The news: Major US banks are banding together to create a digital wallet in hopes of staving off increasing competition from rivals like ApplePay and PayPal, per The Wall Street Journal.
More on this: Large banks including Bank of America, JPMorgan Chase, and Wells Fargo will all offer the digital wallet, which will hold consumers’ debit and credit cards.
- The wallet, which has yet to be named, will be supported by Early Warning Services—the same fintech that powers payment app Zelle.
- When launched, the new digital wallet will support Visa and Mastercard, reaching over 150 million customers.
- The details around how the wallet will work are still unclear, but the banks plan to begin rollout of the wallet in the second half of 2023.
Why are banks doing this? The banks’ new payments service might seem redundant with Zelle, but there are some key reasons why they might benefit from this move:
- Better fraud controls: Rampant fraud has plagued Zelle, and banks may have to reimburse customers affected by payment scams. If the banks’ proprietary digital wallets are safer than Zelle, they will not only cement consumer loyalty, they’ll also keep more money in their own pockets.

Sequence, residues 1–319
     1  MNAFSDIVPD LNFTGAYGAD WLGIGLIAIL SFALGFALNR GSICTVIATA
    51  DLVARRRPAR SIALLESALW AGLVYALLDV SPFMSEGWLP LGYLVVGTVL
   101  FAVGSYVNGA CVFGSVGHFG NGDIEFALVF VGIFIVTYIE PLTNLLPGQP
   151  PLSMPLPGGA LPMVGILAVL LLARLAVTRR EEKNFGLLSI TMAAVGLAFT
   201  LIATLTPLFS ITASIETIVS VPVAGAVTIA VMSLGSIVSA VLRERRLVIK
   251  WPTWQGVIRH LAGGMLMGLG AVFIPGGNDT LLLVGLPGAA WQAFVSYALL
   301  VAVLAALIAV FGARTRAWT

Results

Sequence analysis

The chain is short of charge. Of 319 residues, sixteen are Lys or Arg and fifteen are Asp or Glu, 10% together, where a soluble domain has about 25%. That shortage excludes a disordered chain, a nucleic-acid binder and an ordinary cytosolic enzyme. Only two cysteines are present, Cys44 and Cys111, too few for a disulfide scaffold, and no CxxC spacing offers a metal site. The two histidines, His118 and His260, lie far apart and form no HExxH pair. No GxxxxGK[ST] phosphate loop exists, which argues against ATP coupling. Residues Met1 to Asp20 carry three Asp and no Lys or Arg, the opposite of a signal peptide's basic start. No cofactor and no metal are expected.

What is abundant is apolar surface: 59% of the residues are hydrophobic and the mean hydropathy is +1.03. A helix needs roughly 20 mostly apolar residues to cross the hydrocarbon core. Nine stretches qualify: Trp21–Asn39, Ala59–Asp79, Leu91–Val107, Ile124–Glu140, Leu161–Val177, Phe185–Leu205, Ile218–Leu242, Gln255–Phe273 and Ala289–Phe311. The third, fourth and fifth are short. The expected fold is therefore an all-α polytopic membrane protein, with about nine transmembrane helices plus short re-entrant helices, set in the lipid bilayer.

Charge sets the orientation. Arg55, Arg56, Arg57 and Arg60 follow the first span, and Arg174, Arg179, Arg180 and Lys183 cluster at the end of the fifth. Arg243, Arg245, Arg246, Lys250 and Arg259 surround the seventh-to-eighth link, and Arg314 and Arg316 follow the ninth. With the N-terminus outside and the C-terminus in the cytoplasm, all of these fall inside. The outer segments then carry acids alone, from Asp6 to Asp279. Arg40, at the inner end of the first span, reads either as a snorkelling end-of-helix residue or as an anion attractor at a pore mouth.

- Stave off competition: Big Tech is starting to claw deeper into the consumer banking space. Large firms like Apple and Google are taking deposits, offering consumer credit, and even providing insurance products. Traditional banks seeking to remain a one-stop shop for consumers must match or improve on their competitors’ offerings.
- Challenging economic outlook: The threat of a recession and rising inflation have forced banks to increase their loan loss provisions—taking a chunk out of their profits. The economic outlook remains uncertain, as it’s unclear whether the Fed will continue to fight inflation with rising interest rates or reverse course. Banks may soon see their net interest income lifeline run dry.
Will it work? For this initiative to succeed, banks must overcome a series of challenges, put in the time and work, and be patient.
- Banks will be hard-pressed to attract non-casual customers, especially with so many consumers already fiercely loyal to more established competitors like Apple. Banks also have a poor track record in payments, thanks to the controversy around Zelle.
- While the banks’ desire to address the fraud associated with Zelle is noble, they’ll need to completely solve the fraud problem to make an impression on consumers. A slight improvement won’t be enough to attract new customers. Banks must ensure consumer data security is iron-clad.
- Banks must strongly differentiate themselves from competitors. A similar offering won’t be enough to entice consumers to switch their digital wallets. Banks will need to provide top-tier customer services and ensure their digital wallet offers unmatched ease of use.
- While banks began 2023 with major cost cuts, they must balance spending reductions with meaningful tech spending. A half-hearted investment in this venture could further hurt the banks’ bottom lines.